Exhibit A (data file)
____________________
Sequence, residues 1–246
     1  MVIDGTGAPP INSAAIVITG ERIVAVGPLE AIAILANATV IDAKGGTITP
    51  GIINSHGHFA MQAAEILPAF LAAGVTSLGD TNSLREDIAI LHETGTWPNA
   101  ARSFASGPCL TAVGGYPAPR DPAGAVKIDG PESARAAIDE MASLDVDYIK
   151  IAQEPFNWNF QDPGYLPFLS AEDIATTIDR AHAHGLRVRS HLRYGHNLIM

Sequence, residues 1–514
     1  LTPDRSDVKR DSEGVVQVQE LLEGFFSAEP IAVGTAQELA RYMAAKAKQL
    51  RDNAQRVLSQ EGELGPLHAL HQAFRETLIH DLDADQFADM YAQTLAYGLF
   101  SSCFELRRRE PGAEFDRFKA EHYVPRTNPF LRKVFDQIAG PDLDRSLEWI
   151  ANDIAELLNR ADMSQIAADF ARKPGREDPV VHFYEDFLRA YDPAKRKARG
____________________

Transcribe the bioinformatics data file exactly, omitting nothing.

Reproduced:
Sequence, residues 1–246
     1  MVIDGTGAPP INSAAIVITG ERIVAVGPLE AIAILANATV IDAKGGTITP
    51  GIINSHGHFA MQAAEILPAF LAAGVTSLGD TNSLREDIAI LHETGTWPNA
   101  ARSFASGPCL TAVGGYPAPR DPAGAVKIDG PESARAAIDE MASLDVDYIK
   151  IAQEPFNWNF QDPGYLPFLS AEDIATTIDR AHAHGLRVRS HLRYGHNLIM

Sequence, residues 1–514
     1  LTPDRSDVKR DSEGVVQVQE LLEGFFSAEP IAVGTAQELA RYMAAKAKQL
    51  RDNAQRVLSQ EGELGPLHAL HQAFRETLIH DLDADQFADM YAQTLAYGLF
   101  SSCFELRRRE PGAEFDRFKA EHYVPRTNPF LRKVFDQIAG PDLDRSLEWI
   151  ANDIAELLNR ADMSQIAADF ARKPGREDPV VHFYEDFLRA YDPAKRKARG